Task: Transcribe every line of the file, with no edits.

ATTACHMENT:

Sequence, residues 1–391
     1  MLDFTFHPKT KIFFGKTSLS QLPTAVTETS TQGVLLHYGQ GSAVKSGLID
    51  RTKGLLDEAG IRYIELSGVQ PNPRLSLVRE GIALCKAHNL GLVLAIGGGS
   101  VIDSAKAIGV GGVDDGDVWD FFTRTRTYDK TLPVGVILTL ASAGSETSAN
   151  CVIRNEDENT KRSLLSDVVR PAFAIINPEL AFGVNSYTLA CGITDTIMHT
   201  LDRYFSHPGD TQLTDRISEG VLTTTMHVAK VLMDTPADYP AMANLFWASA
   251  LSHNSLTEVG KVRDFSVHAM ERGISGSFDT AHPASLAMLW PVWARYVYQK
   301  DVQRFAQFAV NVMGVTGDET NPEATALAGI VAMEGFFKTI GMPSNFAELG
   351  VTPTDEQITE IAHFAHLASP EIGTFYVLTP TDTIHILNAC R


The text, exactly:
Sequence, residues 1–391
     1  MLDFTFHPKT KIFFGKTSLS QLPTAVTETS TQGVLLHYGQ GSAVKSGLID
    51  RTKGLLDEAG IRYIELSGVQ PNPRLSLVRE GIALCKAHNL GLVLAIGGGS
   101  VIDSAKAIGV GGVDDGDVWD FFTRTRTYDK TLPVGVILTL ASAGSETSAN
   151  CVIRNEDENT KRSLLSDVVR PAFAIINPEL AFGVNSYTLA CGITDTIMHT
   201  LDRYFSHPGD TQLTDRISEG VLTTTMHVAK VLMDTPADYP AMANLFWASA
   251  LSHNSLTEVG KVRDFSVHAM ERGISGSFDT AHPASLAMLW PVWARYVYQK
   301  DVQRFAQFAV NVMGVTGDET NPEATALAGI VAMEGFFKTI GMPSNFAELG
   351  VTPTDEQITE IAHFAHLASP EIGTFYVLTP TDTIHILNAC R